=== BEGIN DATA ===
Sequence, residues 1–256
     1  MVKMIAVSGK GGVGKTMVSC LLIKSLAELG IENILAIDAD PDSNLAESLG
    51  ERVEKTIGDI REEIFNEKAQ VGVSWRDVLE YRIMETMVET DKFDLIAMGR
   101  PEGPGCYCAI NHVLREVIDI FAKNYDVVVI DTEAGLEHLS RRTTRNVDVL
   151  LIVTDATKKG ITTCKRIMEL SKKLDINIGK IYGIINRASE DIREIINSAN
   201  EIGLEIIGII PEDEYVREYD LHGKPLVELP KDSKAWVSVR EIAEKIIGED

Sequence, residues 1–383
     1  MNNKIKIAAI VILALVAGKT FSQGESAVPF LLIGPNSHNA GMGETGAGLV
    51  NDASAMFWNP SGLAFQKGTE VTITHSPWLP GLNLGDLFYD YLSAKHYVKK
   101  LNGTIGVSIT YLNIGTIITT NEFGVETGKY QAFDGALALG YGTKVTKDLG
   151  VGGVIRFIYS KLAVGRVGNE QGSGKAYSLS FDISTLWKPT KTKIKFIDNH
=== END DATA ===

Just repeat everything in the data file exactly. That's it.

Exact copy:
Sequence, residues 1–256
     1  MVKMIAVSGK GGVGKTMVSC LLIKSLAELG IENILAIDAD PDSNLAESLG
    51  ERVEKTIGDI REEIFNEKAQ VGVSWRDVLE YRIMETMVET DKFDLIAMGR
   101  PEGPGCYCAI NHVLREVIDI FAKNYDVVVI DTEAGLEHLS RRTTRNVDVL
   151  LIVTDATKKG ITTCKRIMEL SKKLDINIGK IYGIINRASE DIREIINSAN
   201  EIGLEIIGII PEDEYVREYD LHGKPLVELP KDSKAWVSVR EIAEKIIGED

Sequence, residues 1–383
     1  MNNKIKIAAI VILALVAGKT FSQGESAVPF LLIGPNSHNA GMGETGAGLV
    51  NDASAMFWNP SGLAFQKGTE VTITHSPWLP GLNLGDLFYD YLSAKHYVKK
   101  LNGTIGVSIT YLNIGTIITT NEFGVETGKY QAFDGALALG YGTKVTKDLG
   151  VGGVIRFIYS KLAVGRVGNE QGSGKAYSLS FDISTLWKPT KTKIKFIDNH